By Sophia Hadef
The coronavirus crisis has occurred in the gradual confinement of most of the world’s population. It started in January 2020 in Asia, most prominently in China, and in March 2020 for Europe. Fairly quickly, the effects of this confinement on the environment were seen The slowdown in global economic activity has decreased, road and air traffic and has had an influence on global Co2 emissions.
One of the first consequences of the lockdowns was an improvement in air quality. On a global level, first, a study published in Nature Climate Change suggests that the pandemic would have resulted in a nine percent drop in Co2 emissions (between January 1st and April 30th 2020). NASA scientists observed a 10 to 30 percent decrease in nitrogen dioxide emissions in the Wuhan region between January 1st and February 25th 2020. Finally, the quarantine also had an impact on many species, allowing them to roam more freely in their native habitats. In the Calanques National Park, dolphins, puffins, herons, and gannets have been observed on various occasions. Dolphins have also been sighted in the port of Sardinia and the Canals of Venice. But, even if these events have multiplied, the population was more likely to observe them during lockdown.
However, all of us staying at home also brought some negative aspects. The first and most obvious is the dramatic increase in internet use. In Italy, Telecom Italia has seen a 70 percent increase in internet traffic following the closure of schools. In France, traffic increased by more than 50 percent from the first days of confinement. This increase in consumption has had an impact in Co2 emissions in the digital sector.
Another consequence of this health crisis is the increase in bad habits around the disposal of facemasks. We see more and more masks thrown on the sidewalks, on the beaches, etc. It is estimated that these masks will take almost 400 years to decompose completely.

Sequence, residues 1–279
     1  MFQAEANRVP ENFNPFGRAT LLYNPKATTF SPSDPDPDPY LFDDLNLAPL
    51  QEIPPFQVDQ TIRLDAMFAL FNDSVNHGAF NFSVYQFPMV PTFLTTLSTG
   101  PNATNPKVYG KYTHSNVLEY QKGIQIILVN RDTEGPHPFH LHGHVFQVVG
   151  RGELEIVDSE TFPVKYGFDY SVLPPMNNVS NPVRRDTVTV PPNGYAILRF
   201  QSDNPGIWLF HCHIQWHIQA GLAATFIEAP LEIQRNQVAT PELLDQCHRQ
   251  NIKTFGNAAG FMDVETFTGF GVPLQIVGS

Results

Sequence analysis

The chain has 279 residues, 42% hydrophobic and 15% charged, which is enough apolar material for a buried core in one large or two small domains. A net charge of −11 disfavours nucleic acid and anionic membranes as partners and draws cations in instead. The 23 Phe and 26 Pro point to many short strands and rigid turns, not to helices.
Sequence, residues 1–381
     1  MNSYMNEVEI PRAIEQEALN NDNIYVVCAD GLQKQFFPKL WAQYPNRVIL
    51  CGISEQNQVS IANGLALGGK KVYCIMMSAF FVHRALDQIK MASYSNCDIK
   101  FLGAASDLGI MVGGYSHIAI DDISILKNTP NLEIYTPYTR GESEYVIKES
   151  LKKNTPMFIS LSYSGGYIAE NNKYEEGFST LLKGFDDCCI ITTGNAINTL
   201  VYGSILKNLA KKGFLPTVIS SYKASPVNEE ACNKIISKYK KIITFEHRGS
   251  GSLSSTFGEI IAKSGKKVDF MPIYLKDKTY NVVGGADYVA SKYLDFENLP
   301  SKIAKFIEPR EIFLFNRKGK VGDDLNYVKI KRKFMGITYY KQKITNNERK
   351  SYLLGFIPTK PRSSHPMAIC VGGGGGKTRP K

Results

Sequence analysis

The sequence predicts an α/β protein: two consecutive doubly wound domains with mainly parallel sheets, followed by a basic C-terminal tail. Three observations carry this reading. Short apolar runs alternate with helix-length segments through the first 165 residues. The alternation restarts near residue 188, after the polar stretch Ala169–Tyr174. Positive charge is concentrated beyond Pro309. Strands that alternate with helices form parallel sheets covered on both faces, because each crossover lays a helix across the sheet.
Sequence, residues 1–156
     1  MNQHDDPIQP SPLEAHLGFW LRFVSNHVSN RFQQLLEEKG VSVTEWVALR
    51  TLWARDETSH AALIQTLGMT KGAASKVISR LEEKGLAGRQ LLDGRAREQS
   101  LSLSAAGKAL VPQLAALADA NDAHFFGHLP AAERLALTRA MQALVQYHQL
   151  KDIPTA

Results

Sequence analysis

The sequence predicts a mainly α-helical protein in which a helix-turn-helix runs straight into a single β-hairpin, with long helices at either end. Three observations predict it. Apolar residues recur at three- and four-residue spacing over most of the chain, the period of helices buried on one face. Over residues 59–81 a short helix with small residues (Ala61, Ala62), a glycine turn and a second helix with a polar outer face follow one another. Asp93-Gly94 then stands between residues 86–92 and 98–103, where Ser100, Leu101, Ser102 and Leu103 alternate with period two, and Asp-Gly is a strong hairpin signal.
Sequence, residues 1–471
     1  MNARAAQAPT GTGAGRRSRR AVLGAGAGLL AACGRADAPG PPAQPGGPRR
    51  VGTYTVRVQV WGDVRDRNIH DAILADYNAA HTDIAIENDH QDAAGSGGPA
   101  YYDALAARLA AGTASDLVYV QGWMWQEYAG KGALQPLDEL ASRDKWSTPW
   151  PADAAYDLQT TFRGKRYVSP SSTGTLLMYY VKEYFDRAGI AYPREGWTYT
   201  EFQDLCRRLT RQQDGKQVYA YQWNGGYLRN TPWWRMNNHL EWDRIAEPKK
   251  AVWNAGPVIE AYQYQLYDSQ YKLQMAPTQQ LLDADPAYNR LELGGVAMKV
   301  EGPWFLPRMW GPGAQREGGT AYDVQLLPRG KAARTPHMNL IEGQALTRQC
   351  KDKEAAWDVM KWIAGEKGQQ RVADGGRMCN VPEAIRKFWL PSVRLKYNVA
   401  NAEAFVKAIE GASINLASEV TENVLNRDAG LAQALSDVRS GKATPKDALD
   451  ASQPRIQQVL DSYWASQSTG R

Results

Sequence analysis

The economic difficulties that will follow this health crisis should not obscure the timid advances that have emerged during the confinement: promotion of local agriculture, Irish production, regional businesses, etc.
The Covid-19 crisis has affected us all: either because we continue to work to take care of others and ensure their primary needs, or because we are confined. How can we not question our financial and governmental system, our decisions in society and our lifestyles at this moment, in a period where everything seems to be suspended? Will this forced curtailing of human activities have a permanent impact on the climate and the environment? Researchers realised that the coronavirus represents a real threat to the planet.
The provisional actions taken to deal with this pandemic are not built as a sustainable answer to the challenge of climate change. We should instead be looking for an organised transition over the long term. To achieve manageability with the Paris climate agreements, strategies for emission reduction must be implemented, and a concrete plan of action should be put in place.